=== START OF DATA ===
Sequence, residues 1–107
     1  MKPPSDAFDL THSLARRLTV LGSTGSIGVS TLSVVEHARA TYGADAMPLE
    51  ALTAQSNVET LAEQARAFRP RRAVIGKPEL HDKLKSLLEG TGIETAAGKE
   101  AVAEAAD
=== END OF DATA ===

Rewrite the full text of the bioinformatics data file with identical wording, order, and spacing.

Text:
Sequence, residues 1–107
     1  MKPPSDAFDL THSLARRLTV LGSTGSIGVS TLSVVEHARA TYGADAMPLE
    51  ALTAQSNVET LAEQARAFRP RRAVIGKPEL HDKLKSLLEG TGIETAAGKE
   101  AVAEAAD